Fascinating article in the NYT today about cell phone usage. Apparently they’re now used more for data than for actual phone calls. This calls into question their very name, no? I mean, they’re more used as other devices rather than as phones qua phones, so maybe we shouldn’t even call them phones anymore.
While we’re at it, I suppose I’m maybe even old fashioned, calling them cell phones, too, instead of mobile phones. They don’t necessarily even use cellular technology anymore. They’re digital now right? And cellular is an analog protocol? Maybe? I’m on shaky ground here, not really knowing what I’m talking about.
Let’s just go with mobile devices, now, instead of cell phones.
Although likely I’m this morning being influenced by the fact that the NYT article refers to them as cell phones throughout. Wait, not even as cell phones, but rather as cellphones. All one word. Must be in their style guide, which I’d generally trust. They really worry about these things.
More fun, though, was a quote from a telecom analyst, who says, apropos these devices being now more looked at rather than talked into, “Handset design has become far less cheek-friendly.” I like that: cheek-friendly.
Ominously, though, comes the prediction from the CEO of Sprint Nextel, expecting that soon we’ll be charged by amounts of data rather than voice minutes. I have enough trouble keeping track of minutes. How am I ever going to be able to track bytes?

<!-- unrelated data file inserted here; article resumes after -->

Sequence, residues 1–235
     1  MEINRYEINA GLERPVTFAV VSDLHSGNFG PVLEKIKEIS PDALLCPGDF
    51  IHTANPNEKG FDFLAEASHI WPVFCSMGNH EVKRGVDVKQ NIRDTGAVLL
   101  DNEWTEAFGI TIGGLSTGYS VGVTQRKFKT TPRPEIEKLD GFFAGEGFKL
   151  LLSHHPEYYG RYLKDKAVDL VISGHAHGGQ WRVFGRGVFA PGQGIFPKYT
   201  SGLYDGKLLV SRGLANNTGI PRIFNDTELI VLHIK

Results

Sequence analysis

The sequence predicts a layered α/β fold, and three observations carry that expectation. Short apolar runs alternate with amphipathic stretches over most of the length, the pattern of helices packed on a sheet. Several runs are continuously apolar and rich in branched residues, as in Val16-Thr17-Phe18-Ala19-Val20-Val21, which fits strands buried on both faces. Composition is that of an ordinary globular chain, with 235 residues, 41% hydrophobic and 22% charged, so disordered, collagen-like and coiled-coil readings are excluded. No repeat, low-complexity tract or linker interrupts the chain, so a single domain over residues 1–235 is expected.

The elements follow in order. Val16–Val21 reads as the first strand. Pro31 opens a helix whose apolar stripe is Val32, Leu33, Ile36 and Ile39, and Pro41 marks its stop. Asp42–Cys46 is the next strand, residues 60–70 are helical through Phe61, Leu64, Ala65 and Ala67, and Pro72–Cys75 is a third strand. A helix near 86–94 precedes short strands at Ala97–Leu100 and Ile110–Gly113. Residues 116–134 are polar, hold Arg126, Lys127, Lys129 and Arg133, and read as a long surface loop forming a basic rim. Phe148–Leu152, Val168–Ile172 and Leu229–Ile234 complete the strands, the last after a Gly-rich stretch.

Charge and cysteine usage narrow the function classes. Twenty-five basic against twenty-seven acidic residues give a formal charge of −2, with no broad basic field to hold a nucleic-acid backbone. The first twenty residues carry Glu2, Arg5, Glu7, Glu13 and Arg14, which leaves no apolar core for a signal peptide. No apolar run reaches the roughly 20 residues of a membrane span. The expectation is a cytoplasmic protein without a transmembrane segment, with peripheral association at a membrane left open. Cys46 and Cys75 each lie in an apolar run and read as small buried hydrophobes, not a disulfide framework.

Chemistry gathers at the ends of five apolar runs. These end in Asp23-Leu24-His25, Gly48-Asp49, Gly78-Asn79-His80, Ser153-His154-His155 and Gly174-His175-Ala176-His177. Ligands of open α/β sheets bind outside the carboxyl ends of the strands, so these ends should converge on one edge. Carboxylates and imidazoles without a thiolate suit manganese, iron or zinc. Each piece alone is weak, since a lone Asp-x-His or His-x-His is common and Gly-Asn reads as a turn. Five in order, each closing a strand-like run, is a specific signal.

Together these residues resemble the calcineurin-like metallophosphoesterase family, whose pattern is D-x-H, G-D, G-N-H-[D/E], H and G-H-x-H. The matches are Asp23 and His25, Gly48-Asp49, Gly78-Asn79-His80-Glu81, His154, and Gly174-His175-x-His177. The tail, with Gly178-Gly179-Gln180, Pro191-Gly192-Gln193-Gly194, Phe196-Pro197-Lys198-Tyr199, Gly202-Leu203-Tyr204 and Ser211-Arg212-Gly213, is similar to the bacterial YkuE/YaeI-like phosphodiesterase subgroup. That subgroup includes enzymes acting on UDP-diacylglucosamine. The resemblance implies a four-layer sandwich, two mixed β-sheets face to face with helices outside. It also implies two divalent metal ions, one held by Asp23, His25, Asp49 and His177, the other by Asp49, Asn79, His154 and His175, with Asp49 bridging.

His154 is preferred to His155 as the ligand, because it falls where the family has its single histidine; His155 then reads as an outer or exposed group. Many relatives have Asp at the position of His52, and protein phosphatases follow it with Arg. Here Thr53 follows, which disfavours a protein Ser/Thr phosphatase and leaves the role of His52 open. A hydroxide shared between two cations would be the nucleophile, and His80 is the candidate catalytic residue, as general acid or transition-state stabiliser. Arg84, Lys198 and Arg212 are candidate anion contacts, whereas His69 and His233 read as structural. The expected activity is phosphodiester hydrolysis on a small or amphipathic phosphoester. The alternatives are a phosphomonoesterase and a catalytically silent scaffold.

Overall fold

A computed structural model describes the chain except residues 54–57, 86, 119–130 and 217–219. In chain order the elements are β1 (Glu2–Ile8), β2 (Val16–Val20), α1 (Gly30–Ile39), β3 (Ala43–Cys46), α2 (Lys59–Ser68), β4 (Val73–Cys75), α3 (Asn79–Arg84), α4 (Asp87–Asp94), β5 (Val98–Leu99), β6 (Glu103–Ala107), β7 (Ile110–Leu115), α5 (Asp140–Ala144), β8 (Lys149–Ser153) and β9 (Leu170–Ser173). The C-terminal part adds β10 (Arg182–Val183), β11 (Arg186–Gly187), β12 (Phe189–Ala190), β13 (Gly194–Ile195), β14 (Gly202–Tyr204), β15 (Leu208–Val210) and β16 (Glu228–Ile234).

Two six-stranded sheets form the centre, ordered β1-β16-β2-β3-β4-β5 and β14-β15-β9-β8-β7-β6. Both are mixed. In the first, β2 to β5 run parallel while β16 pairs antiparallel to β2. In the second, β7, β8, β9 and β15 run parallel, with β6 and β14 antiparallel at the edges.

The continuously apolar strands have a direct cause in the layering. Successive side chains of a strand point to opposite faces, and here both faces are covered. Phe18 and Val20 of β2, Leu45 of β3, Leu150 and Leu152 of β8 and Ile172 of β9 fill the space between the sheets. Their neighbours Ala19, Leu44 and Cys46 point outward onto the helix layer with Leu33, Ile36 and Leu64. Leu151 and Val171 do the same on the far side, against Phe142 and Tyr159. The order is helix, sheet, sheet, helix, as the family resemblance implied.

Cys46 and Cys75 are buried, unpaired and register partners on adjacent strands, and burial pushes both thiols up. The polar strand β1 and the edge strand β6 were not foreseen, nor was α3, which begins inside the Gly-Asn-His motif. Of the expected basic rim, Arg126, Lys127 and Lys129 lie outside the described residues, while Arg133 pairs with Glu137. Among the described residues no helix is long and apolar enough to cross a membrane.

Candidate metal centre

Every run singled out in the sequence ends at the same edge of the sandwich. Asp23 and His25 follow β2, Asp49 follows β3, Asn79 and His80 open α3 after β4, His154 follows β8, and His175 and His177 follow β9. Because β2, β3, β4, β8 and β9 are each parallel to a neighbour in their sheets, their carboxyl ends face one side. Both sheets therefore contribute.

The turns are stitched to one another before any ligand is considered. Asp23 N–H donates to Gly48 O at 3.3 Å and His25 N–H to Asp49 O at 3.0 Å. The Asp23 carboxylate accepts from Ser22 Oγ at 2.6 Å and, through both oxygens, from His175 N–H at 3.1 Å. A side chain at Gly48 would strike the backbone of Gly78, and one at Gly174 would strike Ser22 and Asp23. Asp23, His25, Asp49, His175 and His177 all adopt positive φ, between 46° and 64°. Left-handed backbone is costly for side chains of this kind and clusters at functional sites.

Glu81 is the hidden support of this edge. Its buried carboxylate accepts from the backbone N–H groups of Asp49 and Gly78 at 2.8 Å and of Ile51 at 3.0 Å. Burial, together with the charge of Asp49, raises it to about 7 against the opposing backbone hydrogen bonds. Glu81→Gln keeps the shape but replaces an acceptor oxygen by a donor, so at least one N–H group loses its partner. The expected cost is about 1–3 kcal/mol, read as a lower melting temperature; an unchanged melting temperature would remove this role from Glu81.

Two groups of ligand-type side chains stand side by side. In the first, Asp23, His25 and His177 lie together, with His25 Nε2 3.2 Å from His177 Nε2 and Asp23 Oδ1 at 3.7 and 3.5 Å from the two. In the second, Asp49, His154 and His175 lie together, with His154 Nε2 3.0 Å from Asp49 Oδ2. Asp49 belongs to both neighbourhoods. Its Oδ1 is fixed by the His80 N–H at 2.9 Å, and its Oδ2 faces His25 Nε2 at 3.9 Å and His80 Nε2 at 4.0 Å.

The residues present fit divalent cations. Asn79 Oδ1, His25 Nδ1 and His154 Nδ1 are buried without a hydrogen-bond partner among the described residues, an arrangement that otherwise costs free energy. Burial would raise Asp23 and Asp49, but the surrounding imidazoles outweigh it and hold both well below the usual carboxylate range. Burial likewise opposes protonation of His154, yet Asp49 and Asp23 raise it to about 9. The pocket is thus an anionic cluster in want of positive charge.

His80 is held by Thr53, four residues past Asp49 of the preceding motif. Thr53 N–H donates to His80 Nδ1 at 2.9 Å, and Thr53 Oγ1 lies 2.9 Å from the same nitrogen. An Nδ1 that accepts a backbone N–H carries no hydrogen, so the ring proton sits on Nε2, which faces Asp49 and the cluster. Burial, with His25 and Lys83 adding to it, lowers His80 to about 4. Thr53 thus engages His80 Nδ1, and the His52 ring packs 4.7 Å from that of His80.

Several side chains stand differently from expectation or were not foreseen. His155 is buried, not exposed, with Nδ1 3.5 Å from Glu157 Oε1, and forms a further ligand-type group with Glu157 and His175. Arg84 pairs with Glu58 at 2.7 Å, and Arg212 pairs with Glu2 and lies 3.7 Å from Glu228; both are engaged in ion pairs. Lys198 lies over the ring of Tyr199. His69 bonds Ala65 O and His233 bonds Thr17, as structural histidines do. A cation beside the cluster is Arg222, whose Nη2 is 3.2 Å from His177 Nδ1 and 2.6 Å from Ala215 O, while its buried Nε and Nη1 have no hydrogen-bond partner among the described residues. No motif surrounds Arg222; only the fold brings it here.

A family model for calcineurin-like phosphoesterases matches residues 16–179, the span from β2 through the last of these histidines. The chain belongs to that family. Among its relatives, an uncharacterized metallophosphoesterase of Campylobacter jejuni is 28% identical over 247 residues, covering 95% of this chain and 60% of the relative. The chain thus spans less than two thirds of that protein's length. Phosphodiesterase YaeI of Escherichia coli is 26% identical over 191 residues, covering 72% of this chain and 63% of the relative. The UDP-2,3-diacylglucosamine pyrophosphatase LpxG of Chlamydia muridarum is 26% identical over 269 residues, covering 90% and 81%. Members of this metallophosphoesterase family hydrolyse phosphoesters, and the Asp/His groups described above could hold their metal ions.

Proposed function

And, lastly, there’s this astonishing statistic regarding American teenagers and texting. To wit:
American teenagers have been ahead of the curve for a while, turning their cellphones into texting machines; more than half of them send about 1,500 text messages each month, according to a recent study by the Pew Research Center’s Internet and American Life Project.
I don’t know what the sampling here is, whether it’s half of all teenagers or only half with cellphones. Oh, probably the latter, now that I think about it. But, still, whatever, dude, that’s a shitload of texting going on.
So this made me wonder as to my own cellphone usage. I got a new phone last month, replacing a smart phone with a dumber one. It was like the old one, an HTC Touch, was a little mini computer that happened to be a phone. And making and receiving calls on it was a pain in the ass, frankly. And texting was an equal pain, given the touch screen instead of a separate keyboard. So my new Samsung Intensity has a slide-out physical keyboard, much easier to use. And a single button gets me immediately into a new text message. Love it.
Oh, and it gets much, much better reception. Oh, and it’s a lot easier to use with a Bluetooth headset.
As to usage, it’s got handy counters. In the 22 days I’ve had this new phone, I’ve dialed 28 phone calls and received 8, whereas I’ve sent 34 text messages and received 44. Apparently I text more than I talk, although it’s hard to factor in the land line I’ve still got at home, which takes care of some of the talking but none of the texting.
Anyway, an interesting article, I thought.